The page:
Wednesday evening was a long time coming for the Memphis Boys, the band solely responsible for resurrecting Elvis Presley's stagnant recording career in the summer of 1969 with incendiary jewels including "In the Ghetto," "Suspicious Minds," "Don't Cry Daddy," and "Kentucky Rain."
Mere hours after basking in the limelight of a hometown ceremony bestowing historical marker status on the location where American Studios once stood before being unceremoniously torn down in 1989, pianist Bobby Wood, organist Bobby Emmons, drummer Gene Chrisman [the night's most valuable player], and guitarist Reggie Young returned to Graceland for their first concert at Elvis' beloved home since Elvis Week 2012.
The rare hit-packed performance was attended by fiercely independent producer Chips Moman, who proudly encouraged his musical comrades from the front row. Incidentally, two other notable musicians, renowned Muscle Shoals bassist David Hood and ace saxophone player Jim Horn [e.g. the Beatles, John Denver, Eric Clapton], were onstage, generally preferring to stay in the shadows.
The exhilarating, sold out concert was fronted by Terry Mike Jeffrey (also supplying acoustic guitar), Scat Springs, and Jennifer Chi, who took vocal turns throughout the evening depending upon the musical genre. Springs' propensity for squeezing every ounce of emotion from a soul lyric likely won him new followers.
The Memphis Boys are capable of tackling soul, rock, pop, country, gospel, and jazz with nary a drop of perspiration, having supported such diverse artists as B.J. Thomas, Neil Diamond, The Box Tops, Billy Swan, Joe Tex, Wilson Pickett, James & Bobby Purify, Bobby Womack, Dobie Gray, Crystal Gayle, Dusty Springfield, Waylon Jennings, and Willie Nelson.
All were represented in the nearly two-hour show—including intermission. The King of Rock 'N' Roll frequently covered many of the afore-mentioned artists, so Elvis Week fans didn't mind if the Memphis Boys casually threw in Thomas' "I Just Can't Help Believing," Swan's "I Can Help," Diamond's "Sweet Caroline," or Nelson's devastatingly effective "Always on My Mind."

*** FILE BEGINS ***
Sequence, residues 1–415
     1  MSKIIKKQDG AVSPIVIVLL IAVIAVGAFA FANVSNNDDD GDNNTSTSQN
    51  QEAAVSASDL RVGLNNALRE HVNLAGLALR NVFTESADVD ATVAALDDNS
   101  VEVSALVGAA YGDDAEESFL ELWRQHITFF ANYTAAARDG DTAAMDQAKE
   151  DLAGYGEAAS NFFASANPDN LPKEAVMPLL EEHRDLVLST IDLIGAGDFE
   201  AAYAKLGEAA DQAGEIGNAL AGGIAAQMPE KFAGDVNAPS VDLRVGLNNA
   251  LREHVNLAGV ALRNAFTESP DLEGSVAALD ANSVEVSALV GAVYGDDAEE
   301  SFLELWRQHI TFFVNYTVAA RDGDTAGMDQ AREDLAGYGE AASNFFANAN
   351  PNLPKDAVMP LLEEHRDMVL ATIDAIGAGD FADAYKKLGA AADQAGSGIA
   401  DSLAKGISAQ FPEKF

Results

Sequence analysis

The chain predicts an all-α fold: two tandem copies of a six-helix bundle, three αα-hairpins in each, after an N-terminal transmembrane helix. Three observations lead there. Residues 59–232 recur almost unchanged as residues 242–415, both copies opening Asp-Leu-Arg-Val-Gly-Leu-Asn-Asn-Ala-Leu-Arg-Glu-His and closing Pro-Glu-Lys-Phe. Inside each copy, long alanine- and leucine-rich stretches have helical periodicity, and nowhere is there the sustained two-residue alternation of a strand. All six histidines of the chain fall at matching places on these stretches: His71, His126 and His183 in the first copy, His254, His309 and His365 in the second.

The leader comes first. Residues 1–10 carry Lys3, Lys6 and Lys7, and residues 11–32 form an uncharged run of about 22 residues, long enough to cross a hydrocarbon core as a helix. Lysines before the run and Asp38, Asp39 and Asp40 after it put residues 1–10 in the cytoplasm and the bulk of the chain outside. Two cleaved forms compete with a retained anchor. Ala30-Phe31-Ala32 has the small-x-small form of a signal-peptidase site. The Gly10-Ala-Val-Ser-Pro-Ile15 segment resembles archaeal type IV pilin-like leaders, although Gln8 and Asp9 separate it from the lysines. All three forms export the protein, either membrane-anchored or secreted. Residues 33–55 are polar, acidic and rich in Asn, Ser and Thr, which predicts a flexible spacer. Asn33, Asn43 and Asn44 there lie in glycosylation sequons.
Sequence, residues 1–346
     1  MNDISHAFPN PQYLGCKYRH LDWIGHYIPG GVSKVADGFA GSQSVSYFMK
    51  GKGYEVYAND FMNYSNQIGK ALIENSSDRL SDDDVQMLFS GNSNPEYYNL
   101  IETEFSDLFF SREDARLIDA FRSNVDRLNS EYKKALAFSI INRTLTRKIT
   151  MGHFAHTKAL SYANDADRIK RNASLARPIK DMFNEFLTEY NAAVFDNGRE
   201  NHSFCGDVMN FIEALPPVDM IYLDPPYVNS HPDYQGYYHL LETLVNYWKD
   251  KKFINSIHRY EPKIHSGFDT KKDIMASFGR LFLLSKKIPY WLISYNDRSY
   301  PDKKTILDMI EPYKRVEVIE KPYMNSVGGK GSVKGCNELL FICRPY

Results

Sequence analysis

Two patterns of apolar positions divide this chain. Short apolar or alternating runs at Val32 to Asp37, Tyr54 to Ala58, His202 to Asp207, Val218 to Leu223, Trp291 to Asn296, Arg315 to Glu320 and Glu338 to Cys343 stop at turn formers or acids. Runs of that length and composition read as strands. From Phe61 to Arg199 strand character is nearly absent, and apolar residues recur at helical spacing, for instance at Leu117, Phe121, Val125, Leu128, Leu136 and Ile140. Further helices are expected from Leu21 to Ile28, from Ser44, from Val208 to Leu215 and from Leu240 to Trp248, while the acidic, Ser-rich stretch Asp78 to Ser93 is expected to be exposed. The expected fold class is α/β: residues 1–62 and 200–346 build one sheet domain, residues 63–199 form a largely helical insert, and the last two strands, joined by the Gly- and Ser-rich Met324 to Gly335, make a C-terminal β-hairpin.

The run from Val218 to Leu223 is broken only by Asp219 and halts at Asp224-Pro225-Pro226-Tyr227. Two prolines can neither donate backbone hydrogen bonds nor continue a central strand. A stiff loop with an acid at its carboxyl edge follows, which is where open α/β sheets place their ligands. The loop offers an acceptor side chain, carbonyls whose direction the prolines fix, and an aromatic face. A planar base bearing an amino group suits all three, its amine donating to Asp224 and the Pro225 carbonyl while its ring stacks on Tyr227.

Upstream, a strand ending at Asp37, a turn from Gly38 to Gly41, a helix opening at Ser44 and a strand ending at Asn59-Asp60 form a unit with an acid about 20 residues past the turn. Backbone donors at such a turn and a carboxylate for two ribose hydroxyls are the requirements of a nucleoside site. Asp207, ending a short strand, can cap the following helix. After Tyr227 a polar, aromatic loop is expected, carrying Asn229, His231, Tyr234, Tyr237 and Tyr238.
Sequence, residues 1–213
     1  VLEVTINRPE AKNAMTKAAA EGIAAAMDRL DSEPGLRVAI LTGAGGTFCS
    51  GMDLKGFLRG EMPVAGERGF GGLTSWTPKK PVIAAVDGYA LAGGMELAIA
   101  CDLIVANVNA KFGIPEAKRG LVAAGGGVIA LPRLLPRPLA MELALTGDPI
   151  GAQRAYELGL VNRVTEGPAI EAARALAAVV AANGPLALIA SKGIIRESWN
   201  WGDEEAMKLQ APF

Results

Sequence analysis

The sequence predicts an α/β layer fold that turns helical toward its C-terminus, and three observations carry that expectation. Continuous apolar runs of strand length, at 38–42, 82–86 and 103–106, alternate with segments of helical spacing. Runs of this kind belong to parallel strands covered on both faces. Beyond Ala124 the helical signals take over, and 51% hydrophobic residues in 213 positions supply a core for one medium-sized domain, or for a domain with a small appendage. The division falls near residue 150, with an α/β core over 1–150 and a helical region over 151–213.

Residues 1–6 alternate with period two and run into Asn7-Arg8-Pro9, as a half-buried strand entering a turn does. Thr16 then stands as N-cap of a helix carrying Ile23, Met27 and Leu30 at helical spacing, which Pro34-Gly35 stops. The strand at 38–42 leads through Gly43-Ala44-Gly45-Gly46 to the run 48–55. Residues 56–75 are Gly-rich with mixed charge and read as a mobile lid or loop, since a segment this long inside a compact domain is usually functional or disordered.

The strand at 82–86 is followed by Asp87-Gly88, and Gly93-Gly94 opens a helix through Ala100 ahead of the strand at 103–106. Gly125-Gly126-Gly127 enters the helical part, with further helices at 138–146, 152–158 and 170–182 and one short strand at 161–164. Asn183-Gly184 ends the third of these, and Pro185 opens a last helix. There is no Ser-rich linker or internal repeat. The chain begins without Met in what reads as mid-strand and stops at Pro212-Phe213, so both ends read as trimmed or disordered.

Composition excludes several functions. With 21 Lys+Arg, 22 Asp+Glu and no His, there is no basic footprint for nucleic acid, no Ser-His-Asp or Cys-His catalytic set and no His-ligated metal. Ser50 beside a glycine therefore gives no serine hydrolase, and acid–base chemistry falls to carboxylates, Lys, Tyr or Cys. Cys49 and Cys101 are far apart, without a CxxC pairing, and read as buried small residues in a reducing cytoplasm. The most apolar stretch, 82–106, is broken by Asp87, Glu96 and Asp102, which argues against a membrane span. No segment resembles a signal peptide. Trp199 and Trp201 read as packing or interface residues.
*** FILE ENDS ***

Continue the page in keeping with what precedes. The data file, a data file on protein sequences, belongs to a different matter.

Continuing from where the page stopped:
It was not uncommon to spot the musicians sneaking smiles of unmitigated joy at one another as the crowd showed their appreciation in spades. Wood boldly jumped up and down during the introductory verse of Elvis' "Any Day Now," causing Emmons to playfully reciprocate. Impromptu dancing and audience singalongs were widely rampant.
"Suspicious Minds" songwriter Mark James was name-checked early in the evening by Sirius-XM deejay Argo, the master of ceremonies who provided insightful commentary between most songs. During the "Suspicious Minds" finale—the ultimate show closer aside from the Beatles' "Hey Jude"—James was invited onstage by Jeffrey. James gamely took over lead vocal duties on the final chorus and shattered fans' perceptions with his soulful interpretation. Without question, induction into the Rock and Roll Hall of Fame is long overdue for the Memphis Boys.
Setlist: The Memphis Boys in Concert, August 13, 2014, Graceland
- "Mystery Train" [Instrumental; Elvis Presley]
- "Wearin' That Loved On Look" [Elvis Presley]
- "Brother Love's Travelling Salvation Show" [Neil Diamond]
- "Holly Holy" [Neil Diamond]
- "Sweet Caroline" [Neil Diamond; also covered by Elvis Presley]
- "Cry Like a Baby" [The Box Tops feat. Alex Chilton]
- "Always On My Mind" [co-written by Mark James; recorded by Elvis Presley and Willie Nelson]
- "I Can Help" [Billy Swan; also covered by Elvis Presley]
- "I Gotcha" [Joe Tex]
- "I'm a Midnight Mover" [Wilson Pickett]
- "I'm in Love" [Bobby Womack]
- "Shake a Tail Feather" [James & Bobby Purify]
- "Rubberneckin' [Elvis Presley]
- "Son of a Preacher Man" [Dusty Springfield]
- "I Just Can't Help Believing" [B.J. Thomas; also covered by Elvis Presley]
- "Hooked on a Feeling" [written by Mark James for B.J. Thomas]
- "Luckenbach, Texas" [abbreviated version; written by Chips Moman and Bobby Emmons for Waylon Jennings]
- "Talking in Your Sleep" [abbreviated version; co-written by Bobby Wood for Crystal Gayle]
- "Drift Away" [Dobie Gray]
- "Any Day Now" [Elvis Presley and Ronnie Milsap]
- "Kentucky Rain" [written by Eddie Rabbitt for Elvis Presley]
- "In the Ghetto" [Elvis Presley]
- "Suspicious Minds" [written by Mark James for Elvis Presley]